Completed 9/30/2018, Reviewed 9/30/2018
What a powerful book. This is the second book of Thomas’ to win the Lambda Literary Award for SF/Fantasy/Horror. It's the tale of a serial killer. There's a little supernatural thrown in there as well. It mixes the thriller with a coming of age story and a gay, apparently immortal German refugee in World War II era Texas. It’s well-written, poignant, and thrilling. I’m not much of a reader of thrillers, so I’m not used to the emotional rollercoaster that these sorts of books can put you on. This book had me gripped from beginning to end. A few of the thrillers I’ve read have lulls in them as the detective or PI tries to put together the clues to try to solve the mystery. But I never felt like there was a lull in this book. Even when the focus wasn’t on the murders, it was interesting and emotionally charged.
In 1944, Tim Randall lives in the small town of Barnard, TX. It has a fairly large minority of Germans living there, many who just recently emigrated there to escape the Nazis. This sleepy town is awoken by the brutal murder of an older teen and the evidence indicates it’s a Nazi sympathizing German resident. The note left by the murderer indicates this is the third in a string of murders. Tim lives across the street from a German immigrant, Ernst Lang. While the town becomes suspect of all the Germans living there, a string of events leads Tim to believe that Ernst is the murderer.
I liked the form of the book. It’s written from three perspectives: first person from Tim’s point of view, first person from the journal of Ernst, and third person from the sheriff’s point of view. The plot unfolds through the interweaving of the three different narratives.
Tim is twelve years old. Summer has just begun. He spends the days with his best friend Bum (his real name) trying to escape the heat. His father is in France in the war and his mother works an evening shift at the factory to support the family. Through an act of kindness on Ernst’s part, Tim befriends him, despite the public opinion that the young people should stay away from the Germans in case one of them is the murderer.
Ernst is the German. He seems to have survived being executed in Germany, having died but finding himself outside his grave, then escaping to America. Ernst is gay. He keeps to himself, but makes no bones about it if asked directly. He has a dark past from his days before emigrating, but generally lives a quiet life making rocking chairs and selling them at a local store, and having quiet liaisons with the closeted men in the community.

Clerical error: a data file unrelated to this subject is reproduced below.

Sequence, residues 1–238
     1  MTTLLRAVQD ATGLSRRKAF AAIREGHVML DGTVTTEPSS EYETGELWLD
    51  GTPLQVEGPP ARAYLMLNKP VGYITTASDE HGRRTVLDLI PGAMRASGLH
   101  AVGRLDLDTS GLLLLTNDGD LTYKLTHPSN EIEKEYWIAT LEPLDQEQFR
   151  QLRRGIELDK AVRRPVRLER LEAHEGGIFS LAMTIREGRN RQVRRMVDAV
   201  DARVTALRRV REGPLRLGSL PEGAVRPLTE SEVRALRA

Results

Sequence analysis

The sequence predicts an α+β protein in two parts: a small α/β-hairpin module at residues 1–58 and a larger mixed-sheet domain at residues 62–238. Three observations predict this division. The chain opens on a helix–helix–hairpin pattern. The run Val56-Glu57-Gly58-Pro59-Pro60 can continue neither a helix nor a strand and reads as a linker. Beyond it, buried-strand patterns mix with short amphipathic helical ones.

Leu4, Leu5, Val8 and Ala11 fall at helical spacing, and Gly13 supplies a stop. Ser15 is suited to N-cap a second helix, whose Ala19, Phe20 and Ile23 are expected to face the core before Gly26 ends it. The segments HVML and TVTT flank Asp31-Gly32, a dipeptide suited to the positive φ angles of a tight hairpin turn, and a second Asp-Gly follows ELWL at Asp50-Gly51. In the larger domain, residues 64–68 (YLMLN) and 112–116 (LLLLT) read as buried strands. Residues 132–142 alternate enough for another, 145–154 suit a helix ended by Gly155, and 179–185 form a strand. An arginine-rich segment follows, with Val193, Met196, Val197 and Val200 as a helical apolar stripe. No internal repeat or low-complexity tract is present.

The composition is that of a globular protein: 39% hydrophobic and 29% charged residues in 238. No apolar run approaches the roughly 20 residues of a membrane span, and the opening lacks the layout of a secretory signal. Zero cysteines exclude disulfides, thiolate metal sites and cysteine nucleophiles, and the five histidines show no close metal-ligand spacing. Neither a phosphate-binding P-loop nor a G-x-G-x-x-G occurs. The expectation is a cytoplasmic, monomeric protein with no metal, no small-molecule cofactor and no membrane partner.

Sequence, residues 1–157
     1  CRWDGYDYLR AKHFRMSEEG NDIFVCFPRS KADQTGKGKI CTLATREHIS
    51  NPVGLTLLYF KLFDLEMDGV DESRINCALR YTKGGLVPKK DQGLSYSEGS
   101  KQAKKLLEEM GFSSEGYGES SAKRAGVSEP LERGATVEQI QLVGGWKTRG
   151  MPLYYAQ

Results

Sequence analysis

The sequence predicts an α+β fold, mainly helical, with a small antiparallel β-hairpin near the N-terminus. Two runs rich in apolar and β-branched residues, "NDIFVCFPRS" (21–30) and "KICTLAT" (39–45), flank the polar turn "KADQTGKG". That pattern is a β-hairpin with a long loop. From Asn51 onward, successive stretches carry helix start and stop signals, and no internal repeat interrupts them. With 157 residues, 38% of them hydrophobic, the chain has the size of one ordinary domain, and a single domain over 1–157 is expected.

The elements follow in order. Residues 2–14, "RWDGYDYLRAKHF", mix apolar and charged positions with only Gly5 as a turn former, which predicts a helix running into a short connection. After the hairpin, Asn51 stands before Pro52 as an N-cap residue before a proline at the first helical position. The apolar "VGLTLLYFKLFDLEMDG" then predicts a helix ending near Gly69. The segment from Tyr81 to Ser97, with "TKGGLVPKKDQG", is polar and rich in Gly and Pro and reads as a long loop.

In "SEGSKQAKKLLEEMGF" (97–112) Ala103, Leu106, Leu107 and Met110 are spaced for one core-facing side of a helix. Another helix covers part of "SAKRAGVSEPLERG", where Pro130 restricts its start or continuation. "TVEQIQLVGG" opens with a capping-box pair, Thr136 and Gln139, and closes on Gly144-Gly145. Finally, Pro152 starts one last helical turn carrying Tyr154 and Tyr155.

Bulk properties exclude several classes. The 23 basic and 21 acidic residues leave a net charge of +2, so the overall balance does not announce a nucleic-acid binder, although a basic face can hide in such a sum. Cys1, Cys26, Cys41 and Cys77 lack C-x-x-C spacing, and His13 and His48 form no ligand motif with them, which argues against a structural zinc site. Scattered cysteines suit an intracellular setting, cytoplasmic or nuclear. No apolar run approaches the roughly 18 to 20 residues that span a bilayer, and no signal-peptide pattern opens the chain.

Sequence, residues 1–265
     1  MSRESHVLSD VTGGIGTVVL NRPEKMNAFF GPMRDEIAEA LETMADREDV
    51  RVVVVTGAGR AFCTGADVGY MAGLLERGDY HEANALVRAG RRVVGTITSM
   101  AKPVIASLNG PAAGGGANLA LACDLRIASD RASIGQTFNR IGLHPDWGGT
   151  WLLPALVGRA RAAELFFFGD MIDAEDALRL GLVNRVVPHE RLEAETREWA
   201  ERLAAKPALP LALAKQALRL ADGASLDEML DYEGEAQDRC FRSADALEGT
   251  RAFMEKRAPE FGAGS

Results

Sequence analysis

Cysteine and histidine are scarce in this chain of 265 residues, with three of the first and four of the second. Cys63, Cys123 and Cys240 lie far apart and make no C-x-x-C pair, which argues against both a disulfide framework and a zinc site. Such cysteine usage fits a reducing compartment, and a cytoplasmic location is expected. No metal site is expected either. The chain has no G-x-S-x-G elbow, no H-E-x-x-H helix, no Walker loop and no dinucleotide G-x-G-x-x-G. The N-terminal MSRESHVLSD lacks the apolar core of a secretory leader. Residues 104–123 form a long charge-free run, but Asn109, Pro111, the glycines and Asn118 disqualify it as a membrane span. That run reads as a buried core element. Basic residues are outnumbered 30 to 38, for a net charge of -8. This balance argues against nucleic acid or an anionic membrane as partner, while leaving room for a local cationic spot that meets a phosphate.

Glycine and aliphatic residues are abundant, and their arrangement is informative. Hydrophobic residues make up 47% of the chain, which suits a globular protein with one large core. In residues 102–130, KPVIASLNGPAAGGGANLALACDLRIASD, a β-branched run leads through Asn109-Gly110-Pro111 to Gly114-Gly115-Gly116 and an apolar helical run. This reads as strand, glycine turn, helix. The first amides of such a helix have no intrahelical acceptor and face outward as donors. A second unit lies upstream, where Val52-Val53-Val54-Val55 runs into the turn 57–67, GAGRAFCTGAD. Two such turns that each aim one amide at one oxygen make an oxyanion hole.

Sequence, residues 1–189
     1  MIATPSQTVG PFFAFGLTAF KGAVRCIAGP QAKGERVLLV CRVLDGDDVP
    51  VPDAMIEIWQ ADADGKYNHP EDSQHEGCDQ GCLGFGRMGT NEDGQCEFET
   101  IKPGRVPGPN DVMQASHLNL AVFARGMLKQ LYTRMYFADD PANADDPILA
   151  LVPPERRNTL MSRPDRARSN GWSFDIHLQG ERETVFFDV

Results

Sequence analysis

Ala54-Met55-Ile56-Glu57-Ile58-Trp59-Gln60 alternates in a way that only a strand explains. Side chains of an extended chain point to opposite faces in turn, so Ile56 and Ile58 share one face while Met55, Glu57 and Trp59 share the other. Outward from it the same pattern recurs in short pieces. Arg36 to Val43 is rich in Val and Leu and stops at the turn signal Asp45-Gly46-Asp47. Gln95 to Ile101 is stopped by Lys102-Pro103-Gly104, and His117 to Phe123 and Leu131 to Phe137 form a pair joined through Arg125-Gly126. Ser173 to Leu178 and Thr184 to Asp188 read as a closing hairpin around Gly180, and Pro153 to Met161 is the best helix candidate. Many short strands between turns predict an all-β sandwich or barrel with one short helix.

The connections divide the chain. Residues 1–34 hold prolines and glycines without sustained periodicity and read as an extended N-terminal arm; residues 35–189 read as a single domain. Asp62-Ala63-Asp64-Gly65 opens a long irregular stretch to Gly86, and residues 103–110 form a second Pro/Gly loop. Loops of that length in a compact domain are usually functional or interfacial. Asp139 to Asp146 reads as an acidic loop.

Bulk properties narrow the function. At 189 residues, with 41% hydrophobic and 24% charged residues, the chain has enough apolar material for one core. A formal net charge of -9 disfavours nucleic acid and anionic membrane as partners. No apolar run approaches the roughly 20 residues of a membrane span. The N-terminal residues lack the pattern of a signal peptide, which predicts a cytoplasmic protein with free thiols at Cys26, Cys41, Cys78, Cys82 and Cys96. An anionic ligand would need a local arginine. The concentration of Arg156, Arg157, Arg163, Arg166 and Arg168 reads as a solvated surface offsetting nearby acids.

Tom Rabbit is the sheriff investigating the murder. He struggles to stay sane and focused while the whole town goes crazy over the events that are unfolding. A second boy is found murdered, and a third goes missing.
This book is about racism and scapegoating. It may be about the Germans, but it also is representative of all the racism and scapegoating that comes with war, like that of the Japanese and now the Muslim communities. It’s also about homophobia, and the atrocities that come from that as well. And being 1944, homophobia is cast in stone by sodomy laws and the medical community. It’s a time of intolerance, fear, and misplaced patriotism. From many angles, it’s not much different than today.
“The German” is equally exciting and poignant. I liked the way story unfolded through the three narratives. Most specifically, I enjoyed reading the sections from Ernst’s journal. We get to see a slice of life living as a gay man in a tough time and place. We find out about Ernst’s life in Germany during the rise of Hitler. I was also really caught up in the mystery, not figuring out who the murderer was until near the end. The good thing though was that it was not a police procedural. It was more about the psychological effects on the townspeople, as experienced by Tim, Ernst, and the Sheriff. I give this book five stars out of five because I read this book in a day. I simply couldn’t put it down. It’s about the most engrossed I’ve been in a book for a long time. It had a strong emotional impact on me, mostly because of Ernst’s journal entries, and that’s what pushed it up from a simple four star book to a five star experience.